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CME / ABIM MOC

Metastatic Castration-Resistant Prostate Cancer: Updates From the 2022 European Annual Meeting

  • Authors: A. Oliver Sartor, MD; Tanya Dorff, MD; Joe O’Sullivan, MD, FRCR, FFRCCSI, FRCPI
  • CME / ABIM MOC Released: 10/26/2022
  • Valid for credit through: 10/26/2023
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Target Audience and Goal Statement

This activity is intended for oncologists, nuclear medicine specialists, radiologists, urologists, and other clinicians who care for patients with mCRPC.

The goal of this activity is for learners to be better able to understand the latest clinical data on mCRPC presented at the 2022 European Society of Medical Oncology (ESMO) Congress in Paris, France, and to incorporate the data into clinical practice.

Upon completion of this activity, participants will:

  • Have increased knowledge regarding the
    • Key clinical trial data for the treatment of mCRPC reported at a major oncology medical meeting
  • Have greater competence related to
    • Incorporating emerging data from a major oncology medical meeting into the treatment paradigms for patients with mCRPC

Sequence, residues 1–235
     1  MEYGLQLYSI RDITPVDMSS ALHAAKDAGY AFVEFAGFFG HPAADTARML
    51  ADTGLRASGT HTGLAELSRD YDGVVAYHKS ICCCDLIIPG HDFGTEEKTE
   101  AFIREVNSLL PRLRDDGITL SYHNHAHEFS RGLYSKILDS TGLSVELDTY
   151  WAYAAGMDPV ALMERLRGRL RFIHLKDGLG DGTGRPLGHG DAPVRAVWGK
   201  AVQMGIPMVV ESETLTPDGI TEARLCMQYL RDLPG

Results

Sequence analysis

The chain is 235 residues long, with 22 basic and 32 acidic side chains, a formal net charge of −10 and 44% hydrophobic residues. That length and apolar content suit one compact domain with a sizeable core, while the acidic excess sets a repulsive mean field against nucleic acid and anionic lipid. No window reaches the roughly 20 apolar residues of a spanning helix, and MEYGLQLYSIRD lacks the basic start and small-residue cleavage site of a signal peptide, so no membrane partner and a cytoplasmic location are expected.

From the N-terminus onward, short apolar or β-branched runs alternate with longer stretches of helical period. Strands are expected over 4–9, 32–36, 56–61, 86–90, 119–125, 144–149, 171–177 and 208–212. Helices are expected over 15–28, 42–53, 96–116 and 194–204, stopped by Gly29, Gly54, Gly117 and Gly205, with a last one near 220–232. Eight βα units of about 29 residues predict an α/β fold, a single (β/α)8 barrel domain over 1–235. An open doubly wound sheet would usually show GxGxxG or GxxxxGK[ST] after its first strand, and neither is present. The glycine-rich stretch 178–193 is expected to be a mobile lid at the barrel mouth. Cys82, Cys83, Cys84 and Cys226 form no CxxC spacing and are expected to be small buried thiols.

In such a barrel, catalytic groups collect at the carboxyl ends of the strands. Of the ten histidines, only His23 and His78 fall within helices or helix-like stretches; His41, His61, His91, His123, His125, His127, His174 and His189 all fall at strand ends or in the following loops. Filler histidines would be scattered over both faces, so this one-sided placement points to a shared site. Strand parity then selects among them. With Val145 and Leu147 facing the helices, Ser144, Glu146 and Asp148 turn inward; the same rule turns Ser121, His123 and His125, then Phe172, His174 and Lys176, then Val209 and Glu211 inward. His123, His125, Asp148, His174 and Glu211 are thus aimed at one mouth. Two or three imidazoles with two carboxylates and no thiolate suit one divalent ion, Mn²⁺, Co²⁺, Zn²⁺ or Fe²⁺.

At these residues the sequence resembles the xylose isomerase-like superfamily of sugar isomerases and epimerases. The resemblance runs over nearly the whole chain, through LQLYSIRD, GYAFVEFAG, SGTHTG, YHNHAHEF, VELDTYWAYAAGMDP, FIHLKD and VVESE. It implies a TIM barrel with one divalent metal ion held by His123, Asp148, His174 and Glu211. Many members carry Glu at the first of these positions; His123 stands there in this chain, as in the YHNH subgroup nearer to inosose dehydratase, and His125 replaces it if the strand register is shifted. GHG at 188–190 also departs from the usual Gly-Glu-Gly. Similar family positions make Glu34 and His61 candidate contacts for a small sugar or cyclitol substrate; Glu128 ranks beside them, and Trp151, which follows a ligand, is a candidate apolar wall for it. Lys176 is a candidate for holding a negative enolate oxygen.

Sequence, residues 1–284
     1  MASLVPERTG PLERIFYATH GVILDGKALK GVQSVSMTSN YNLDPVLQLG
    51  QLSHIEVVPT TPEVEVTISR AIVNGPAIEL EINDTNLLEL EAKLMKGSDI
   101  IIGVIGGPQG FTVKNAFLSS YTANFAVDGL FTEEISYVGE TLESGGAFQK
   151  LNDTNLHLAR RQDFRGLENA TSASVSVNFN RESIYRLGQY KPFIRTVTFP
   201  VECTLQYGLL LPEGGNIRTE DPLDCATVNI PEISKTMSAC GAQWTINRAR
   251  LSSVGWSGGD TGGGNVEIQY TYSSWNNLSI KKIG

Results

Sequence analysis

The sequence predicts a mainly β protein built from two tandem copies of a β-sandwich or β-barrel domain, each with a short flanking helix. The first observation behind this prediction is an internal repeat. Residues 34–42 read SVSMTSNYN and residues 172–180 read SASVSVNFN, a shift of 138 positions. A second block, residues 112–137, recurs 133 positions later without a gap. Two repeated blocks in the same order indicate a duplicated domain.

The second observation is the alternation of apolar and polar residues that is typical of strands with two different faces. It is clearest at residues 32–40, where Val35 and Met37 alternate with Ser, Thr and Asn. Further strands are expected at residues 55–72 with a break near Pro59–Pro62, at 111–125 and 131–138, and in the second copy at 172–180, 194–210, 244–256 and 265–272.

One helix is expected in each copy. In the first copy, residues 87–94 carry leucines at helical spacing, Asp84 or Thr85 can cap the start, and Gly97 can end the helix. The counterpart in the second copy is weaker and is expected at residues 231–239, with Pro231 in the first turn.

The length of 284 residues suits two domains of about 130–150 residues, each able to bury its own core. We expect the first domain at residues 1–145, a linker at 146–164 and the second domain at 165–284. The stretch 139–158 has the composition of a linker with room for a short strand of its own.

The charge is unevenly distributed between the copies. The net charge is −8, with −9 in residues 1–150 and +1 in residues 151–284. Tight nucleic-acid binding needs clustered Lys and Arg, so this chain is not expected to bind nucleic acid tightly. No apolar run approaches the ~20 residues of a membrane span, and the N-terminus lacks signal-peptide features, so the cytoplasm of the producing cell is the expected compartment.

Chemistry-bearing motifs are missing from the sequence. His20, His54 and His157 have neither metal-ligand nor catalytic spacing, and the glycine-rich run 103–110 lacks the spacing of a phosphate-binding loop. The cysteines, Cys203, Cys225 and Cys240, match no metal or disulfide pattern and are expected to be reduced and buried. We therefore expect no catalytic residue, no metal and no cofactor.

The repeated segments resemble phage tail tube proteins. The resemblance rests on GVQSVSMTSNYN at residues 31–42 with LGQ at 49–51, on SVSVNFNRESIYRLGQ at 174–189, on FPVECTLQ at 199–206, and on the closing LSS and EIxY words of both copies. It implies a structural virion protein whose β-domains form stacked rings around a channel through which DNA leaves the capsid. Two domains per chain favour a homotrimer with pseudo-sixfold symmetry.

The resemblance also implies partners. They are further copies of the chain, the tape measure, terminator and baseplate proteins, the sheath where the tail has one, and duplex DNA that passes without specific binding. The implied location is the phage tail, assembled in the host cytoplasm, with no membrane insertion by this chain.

• Demonstrate greater confidence in their ability to
    • Stay abreast of evolving areas of interest for mCRPC therapies reported at a major oncology medical meeting


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Faculty

  • A. Oliver Sartor, MD

    Professor of Medicine
    Medical Director
    Tulane Cancer Center
    C. E. and Bernadine Laborde Professor of Cancer Research
    Tulane University, School of Medicine
    New Orleans, Louisiana

    Disclosures

    A. Oliver Sartor, MD, has the following relevant financial relationships:
    Consultant or advisor for: Advanced Accelerator Applications (AAA); Astellas Pharma, Inc.; AstraZeneca Pharmaceuticals LP; Bavarian Nordic; Bayer HealthCare; Blue Earth Diagnostics, Inc.; Bristol-Myers Squibb Company; Clarity Pharmaceuticals; Clovis Oncology; Constellation; Dendreon Corporation; EMD Serono, Inc.; Fusion; Isotopen Technologien Meunchen; Janssen Pharmaceuticals; Merck & Co., Inc.; Moyvant; Myriad; Noria Therapeutics, Inc.; Novartis Pharmaceuticals; Noxopharm; Pfizer Inc.; POINT Biopharma; Progenics Pharmaceuticals, Inc.; Sanofi; Telix; TeneoBio; Theragnostics
    Research funding from: Advanced Accelerator Applications; Amgen, Inc.; AstraZeneca Pharmaceuticals LP; Bayer HealthCare; Constellation; Endocyte; Invitae Corporation; Janssen Pharmaceuticals; Lantheus; Merck & Co., Inc.; Progenics Pharmaceuticals, Inc.; TeneoBio
    Stock options from: AbbVie, Inc.; Cardinal Health; Clarity Pharmaceuticals; Clovis Oncology; GlaxoSmithKline; Lilly; Noria Therapeutics, Inc.; United Health Group
    Owns stock (publicly traded) in: AbbVie, Inc.; Cardinal Health; Clarity Pharmaceuticals; Clovis Oncology; GlaxoSmithKline; Lilly; Noria Therapeutics, Inc.; United Health Group

  • Tanya Dorff, MD

    Associate Professor of Medicine
    Department of Medical Oncology & Therapeutics Research
    Section Chief, Genitourinary Disease Program
    City of Hope
    Duarte, California

    Disclosures

    Tanya Dorff, MD, has the following relevant financial relationships: